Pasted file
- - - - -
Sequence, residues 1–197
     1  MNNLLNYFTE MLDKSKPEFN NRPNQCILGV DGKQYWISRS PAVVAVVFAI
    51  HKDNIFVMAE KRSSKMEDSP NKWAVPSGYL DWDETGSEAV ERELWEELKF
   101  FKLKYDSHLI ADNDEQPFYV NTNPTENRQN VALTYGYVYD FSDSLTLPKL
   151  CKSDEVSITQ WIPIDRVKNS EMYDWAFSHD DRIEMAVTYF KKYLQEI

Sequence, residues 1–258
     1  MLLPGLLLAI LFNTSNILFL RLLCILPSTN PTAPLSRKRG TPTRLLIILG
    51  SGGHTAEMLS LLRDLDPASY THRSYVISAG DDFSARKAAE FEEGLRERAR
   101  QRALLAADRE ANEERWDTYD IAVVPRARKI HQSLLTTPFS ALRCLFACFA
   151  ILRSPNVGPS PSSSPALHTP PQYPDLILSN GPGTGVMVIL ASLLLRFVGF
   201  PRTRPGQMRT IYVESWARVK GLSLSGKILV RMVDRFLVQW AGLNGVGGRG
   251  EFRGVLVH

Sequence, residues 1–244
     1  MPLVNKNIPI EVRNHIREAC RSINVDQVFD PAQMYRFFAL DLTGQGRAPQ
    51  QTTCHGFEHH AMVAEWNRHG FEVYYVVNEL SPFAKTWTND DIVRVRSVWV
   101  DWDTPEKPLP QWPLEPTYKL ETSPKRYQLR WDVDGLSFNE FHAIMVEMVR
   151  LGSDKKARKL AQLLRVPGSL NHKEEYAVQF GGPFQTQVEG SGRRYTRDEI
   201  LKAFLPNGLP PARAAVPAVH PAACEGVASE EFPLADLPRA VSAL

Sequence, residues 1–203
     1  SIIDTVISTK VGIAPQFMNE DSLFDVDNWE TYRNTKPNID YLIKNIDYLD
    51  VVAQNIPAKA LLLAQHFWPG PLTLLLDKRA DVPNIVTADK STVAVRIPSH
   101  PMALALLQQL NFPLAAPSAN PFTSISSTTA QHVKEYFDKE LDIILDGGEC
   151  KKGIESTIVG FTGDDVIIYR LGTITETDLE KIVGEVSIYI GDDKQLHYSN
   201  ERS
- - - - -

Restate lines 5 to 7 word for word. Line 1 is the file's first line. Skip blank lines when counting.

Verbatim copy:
   151  CKSDEVSITQ WIPIDRVKNS EMYDWAFSHD DRIEMAVTYF KKYLQEI

Sequence, residues 1–258
     1  MLLPGLLLAI LFNTSNILFL RLLCILPSTN PTAPLSRKRG TPTRLLIILG